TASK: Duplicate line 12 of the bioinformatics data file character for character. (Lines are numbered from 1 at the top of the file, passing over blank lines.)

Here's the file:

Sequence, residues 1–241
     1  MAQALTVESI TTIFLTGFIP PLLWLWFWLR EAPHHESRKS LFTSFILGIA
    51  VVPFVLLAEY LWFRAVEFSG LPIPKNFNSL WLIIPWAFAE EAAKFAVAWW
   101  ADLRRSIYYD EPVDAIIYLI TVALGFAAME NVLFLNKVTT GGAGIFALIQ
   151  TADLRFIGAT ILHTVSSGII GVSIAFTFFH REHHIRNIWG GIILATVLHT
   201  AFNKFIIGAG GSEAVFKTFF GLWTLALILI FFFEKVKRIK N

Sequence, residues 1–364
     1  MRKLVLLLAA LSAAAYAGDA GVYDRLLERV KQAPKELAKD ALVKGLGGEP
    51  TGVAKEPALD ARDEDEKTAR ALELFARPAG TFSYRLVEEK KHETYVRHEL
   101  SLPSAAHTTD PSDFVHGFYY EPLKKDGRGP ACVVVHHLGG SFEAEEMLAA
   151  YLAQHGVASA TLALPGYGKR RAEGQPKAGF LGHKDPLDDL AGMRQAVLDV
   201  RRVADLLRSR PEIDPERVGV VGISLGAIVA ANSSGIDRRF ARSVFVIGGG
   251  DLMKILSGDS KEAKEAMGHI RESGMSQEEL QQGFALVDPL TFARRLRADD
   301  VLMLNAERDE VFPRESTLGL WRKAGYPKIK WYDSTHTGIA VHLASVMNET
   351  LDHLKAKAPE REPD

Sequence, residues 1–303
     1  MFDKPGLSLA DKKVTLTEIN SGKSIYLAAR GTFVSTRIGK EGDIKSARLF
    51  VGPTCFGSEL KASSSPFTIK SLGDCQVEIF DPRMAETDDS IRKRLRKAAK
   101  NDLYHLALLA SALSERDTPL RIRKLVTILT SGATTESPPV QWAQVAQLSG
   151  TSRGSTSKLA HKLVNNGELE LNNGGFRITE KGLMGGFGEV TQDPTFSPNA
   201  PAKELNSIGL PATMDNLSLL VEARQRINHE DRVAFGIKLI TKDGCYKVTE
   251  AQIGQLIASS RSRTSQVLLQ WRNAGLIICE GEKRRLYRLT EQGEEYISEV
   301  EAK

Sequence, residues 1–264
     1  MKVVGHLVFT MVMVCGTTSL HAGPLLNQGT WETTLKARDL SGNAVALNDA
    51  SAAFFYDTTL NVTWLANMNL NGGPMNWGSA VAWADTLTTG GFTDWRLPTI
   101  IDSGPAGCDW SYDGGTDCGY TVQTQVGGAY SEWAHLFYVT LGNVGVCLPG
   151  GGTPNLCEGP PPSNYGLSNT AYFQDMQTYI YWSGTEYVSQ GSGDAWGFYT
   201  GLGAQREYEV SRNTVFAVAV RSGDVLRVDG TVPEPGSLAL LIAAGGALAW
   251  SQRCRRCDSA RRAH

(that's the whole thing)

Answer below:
   201  RRVADLLRSR PEIDPERVGV VGISLGAIVA ANSSGIDRRF ARSVFVIGGG